"Speeding" defined the zeitgeist in the 1920s. Motorization meant technical progress and modernization. However, taking weekend trips to the countryside in one's own car or motorcycle was a status that few achieved despite the increased production of inexpensive small cars. Like the automobile, the motorcycle conveyed the belief in technical progress and modernization that was widespread in the Weimar Republic.
While motorcycles were still a luxury item before the First World War, sales figures rose sharply in the 1920s. Between 1921 and 1924, the number of motorcycles in Germany increased from just under 26,700 to around 98,000. Almost 800,000 motorcycles were registered in the German Reich by mid-1931. In the everyday lives of Germans, the motorcycle found use as a fast, cheap and reliable means of transportation. Neckarsulmer Fahrzeugwerke AG (NSU) was the first German company to use the assembly line for the purpose of rationalization and type standardization in motorcycle construction. The "NSU 251 R" built in 1927 was equipped ex works with a 250 cc engine. It was later replaced by a 200-cc engine - produced from 1928 onwards: machines up to this displacement were license-free.
After the Second World War, it was necessary to motorize a people again. This was realized not only by means of the 250ccm-mobiles, which one was allowed to drive with the old driving license of class 4, but also by the successful sale of two-wheelers.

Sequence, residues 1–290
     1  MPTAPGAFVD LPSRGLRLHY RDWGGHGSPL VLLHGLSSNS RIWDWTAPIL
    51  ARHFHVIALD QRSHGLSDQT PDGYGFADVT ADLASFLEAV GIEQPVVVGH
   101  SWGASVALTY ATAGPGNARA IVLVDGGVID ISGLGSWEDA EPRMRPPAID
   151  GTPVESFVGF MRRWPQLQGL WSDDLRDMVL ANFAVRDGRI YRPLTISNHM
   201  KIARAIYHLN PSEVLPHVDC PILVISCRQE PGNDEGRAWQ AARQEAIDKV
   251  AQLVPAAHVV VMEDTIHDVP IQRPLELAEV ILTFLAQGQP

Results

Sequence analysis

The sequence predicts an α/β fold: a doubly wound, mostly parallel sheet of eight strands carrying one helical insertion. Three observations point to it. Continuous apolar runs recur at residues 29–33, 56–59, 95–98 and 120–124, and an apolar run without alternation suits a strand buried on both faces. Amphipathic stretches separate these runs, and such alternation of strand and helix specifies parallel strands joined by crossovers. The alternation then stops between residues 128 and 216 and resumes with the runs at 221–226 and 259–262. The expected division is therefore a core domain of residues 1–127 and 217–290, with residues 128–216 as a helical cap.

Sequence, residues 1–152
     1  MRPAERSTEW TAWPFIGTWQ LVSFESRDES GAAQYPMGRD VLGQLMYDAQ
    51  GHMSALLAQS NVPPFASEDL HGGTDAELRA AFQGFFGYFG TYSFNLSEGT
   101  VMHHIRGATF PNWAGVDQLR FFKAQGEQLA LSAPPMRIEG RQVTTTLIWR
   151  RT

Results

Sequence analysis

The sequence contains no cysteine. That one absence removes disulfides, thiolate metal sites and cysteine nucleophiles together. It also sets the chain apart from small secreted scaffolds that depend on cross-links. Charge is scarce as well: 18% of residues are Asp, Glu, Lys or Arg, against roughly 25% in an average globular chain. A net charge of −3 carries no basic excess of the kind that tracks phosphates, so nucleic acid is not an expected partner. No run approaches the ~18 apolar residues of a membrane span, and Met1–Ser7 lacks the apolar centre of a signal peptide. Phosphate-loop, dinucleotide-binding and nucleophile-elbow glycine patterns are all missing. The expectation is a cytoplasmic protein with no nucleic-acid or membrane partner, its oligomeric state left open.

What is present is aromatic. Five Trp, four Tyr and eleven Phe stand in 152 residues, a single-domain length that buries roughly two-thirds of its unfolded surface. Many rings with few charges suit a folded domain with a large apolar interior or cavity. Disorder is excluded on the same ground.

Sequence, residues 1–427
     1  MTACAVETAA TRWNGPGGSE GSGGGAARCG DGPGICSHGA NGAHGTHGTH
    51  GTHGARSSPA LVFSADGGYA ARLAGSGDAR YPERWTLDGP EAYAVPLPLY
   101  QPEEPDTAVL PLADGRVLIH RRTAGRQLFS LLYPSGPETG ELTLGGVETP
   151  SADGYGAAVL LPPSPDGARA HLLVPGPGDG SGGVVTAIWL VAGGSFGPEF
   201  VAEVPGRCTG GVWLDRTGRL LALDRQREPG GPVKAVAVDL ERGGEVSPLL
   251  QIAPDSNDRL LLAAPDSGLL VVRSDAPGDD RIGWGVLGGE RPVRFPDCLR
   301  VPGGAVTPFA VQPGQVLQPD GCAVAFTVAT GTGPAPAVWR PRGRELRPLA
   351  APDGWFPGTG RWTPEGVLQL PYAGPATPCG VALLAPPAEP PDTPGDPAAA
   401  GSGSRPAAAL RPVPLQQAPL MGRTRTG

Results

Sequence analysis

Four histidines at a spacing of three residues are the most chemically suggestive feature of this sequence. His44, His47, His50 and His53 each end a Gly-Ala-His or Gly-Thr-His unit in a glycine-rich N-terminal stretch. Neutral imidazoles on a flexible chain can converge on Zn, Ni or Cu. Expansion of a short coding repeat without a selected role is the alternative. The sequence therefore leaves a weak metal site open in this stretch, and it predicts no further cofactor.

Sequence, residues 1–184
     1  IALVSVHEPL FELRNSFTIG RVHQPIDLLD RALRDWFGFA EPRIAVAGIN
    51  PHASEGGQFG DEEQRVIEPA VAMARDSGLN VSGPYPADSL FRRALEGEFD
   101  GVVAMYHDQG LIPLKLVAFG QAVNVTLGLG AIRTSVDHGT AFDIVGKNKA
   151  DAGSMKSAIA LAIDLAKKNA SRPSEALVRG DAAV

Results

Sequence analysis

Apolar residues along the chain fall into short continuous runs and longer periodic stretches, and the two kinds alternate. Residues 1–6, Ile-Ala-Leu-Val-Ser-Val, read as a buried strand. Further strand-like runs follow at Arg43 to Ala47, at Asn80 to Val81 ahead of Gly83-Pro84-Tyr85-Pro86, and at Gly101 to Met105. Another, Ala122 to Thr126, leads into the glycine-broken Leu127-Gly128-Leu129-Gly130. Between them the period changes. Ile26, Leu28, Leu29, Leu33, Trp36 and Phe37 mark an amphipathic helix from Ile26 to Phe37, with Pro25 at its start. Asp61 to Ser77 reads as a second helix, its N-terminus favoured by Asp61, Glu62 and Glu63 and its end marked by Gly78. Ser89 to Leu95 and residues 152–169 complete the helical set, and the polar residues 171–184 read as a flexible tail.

In order to open up as wide a circle of buyers as possible, a new cubic capacity class was introduced on 01.01.1953: 50ccm! However, this did not yet satisfy the definition, because the legislator had a concrete idea of how the 50ccm had to be used. So they offered them either in a bicycle with an auxiliary engine, which was officially called a moped from 1954 on (max. weight 30 kg plus 10% tolerance, minimum wheel diameter 580mm, pedal cranks with 125mm length) or in a motorcycle (heavier than 33 kg, pedals, no maximum speed, driving license class 4).
From now on Alfred Kreidler comes into play, whose two-wheelers did not fit into this scheme. Due to their heavier weight than 33 kg, they were neither mopeds nor, with footrests and kickstarter, motorcycles. Kreidler had thus created the class of mopeds, which was subsequently reflected in the Lex Kreidler when the legislature amended the STVZO again on August 24, 1953.
As a result, mopeds flooded the German market, with foreign manufacturers, some of them distributed by mail-order companies, trying to spoil the German top dogs' soup until the mid-1980s, when the market for mopeds collapsed completely due to the newly introduced light motorcycles.